One professor of fugue at the Paris Conservatory had this habit: he would write a fugue before breakfast every morning. He did this for 10 or 20 years. During this time he must have written thousands of fugues.
The length of the strict scholastic fugue is about 100 measures. It has all the elements that the fugue is suppose to have (subject, answer, countersubject, exposition, episodes, counterexposition, subject entries in related keys, dominant pedal point, one or more strettos, and tonic pedal point).
Of course, it didn't take it very long for this professor to compose a fugue - it was already created in his mind. All he had to do was to follow his mind and write it down. After writing these fugues for more than 10 years, he achieved a real mastery at this.
Just imagine - one fugue every day before breakfast for such a long time!
Some might say - it was easy for him - he was a pro. Yes, except it's not true - every morning he still had to beat his Resistance. But he was strict with himself. He had discipline. He didn't say, "well, I'll first become a pro and then I'll have the discipline." It doesn't work this way. It works the other way around.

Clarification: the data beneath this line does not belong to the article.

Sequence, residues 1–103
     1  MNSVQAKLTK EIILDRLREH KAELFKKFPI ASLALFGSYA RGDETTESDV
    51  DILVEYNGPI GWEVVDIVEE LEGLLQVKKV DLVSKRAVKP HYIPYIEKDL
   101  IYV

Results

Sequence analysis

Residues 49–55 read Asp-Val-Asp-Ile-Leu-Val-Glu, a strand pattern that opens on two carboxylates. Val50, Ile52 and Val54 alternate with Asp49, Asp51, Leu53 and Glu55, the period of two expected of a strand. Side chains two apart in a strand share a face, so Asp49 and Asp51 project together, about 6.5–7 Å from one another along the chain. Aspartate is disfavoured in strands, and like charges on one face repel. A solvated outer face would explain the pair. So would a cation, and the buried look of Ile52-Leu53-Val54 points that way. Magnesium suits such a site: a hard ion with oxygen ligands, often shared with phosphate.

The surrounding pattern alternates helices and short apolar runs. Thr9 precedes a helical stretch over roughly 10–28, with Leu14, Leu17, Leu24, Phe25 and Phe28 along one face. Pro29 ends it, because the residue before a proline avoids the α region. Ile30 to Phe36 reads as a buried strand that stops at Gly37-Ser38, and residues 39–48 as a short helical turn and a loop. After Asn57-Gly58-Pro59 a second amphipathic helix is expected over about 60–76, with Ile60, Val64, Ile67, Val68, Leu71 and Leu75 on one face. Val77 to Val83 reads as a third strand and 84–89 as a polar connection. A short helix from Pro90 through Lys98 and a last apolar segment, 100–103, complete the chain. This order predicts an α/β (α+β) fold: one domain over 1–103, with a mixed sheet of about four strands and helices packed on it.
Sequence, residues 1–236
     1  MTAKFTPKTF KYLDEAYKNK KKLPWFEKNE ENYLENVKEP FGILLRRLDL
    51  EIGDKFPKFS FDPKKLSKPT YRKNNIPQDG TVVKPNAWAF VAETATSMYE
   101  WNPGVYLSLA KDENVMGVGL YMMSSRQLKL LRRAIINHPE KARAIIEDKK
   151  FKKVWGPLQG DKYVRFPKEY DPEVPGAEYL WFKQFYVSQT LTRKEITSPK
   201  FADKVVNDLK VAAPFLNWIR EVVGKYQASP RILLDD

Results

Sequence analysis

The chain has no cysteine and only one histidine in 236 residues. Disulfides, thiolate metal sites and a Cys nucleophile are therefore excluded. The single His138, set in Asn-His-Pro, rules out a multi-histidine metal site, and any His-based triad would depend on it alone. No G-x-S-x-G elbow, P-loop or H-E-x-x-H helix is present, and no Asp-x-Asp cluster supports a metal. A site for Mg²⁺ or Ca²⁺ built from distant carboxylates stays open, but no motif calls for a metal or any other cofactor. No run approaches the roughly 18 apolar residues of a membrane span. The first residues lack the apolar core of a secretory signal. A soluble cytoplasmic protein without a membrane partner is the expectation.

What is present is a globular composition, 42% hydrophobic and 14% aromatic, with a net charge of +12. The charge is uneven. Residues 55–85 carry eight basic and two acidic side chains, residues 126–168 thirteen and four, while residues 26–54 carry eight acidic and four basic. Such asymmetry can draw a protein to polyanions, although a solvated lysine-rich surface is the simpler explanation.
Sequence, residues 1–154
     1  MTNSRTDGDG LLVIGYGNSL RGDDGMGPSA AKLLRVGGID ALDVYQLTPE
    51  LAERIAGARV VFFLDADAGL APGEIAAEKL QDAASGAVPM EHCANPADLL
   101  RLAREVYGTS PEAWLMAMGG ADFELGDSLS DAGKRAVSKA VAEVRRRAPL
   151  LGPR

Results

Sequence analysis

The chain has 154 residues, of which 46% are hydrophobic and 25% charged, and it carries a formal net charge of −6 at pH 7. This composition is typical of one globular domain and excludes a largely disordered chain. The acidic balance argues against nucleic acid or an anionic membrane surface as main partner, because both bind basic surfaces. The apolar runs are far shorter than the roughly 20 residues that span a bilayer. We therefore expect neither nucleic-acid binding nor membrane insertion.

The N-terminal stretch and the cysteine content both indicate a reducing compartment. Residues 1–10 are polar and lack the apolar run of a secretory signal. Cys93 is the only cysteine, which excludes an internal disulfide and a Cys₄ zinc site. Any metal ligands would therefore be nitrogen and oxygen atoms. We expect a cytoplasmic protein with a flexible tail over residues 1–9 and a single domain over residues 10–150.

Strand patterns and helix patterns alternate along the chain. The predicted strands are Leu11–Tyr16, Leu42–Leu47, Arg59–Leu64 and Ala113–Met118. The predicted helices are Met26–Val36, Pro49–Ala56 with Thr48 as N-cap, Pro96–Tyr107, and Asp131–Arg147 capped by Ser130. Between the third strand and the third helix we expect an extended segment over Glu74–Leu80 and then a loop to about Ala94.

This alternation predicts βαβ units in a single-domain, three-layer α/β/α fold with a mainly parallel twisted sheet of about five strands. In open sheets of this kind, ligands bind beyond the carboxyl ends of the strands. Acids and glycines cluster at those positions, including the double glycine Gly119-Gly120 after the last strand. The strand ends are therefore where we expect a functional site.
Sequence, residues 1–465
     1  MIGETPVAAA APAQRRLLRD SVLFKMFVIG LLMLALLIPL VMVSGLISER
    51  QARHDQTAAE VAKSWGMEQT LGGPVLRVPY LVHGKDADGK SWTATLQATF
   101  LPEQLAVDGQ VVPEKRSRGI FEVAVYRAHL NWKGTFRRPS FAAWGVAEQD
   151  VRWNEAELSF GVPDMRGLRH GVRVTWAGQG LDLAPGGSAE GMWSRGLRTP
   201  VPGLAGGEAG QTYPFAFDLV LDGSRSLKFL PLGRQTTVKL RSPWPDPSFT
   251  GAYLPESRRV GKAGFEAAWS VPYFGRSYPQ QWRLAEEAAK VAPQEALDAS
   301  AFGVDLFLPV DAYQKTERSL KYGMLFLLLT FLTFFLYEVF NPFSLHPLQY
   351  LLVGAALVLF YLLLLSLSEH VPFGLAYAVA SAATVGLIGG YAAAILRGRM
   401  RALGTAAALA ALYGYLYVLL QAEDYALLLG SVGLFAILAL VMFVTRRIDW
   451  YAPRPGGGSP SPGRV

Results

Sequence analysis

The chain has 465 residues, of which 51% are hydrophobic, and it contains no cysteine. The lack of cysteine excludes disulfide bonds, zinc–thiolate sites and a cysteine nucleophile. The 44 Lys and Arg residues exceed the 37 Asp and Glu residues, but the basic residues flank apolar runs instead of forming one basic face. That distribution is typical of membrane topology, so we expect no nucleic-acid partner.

In fact, the only thing that differentiates a pro from an amateur is the discipline. Not money, fame, influence, or education. Just strict old school discipline at whatever it is you want to excel.
And the most inspiring thing of all is this: all it takes is to choose to have a discipline (not more resources, more money, or more time). This choice is available to everyone who cares to dream. (HT to John).
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Drs. Vidas Pinkevicius and Ausra Motuzaite-Pinkeviciene
Organists of Vilnius University , creators of Secrets of Organ Playing.
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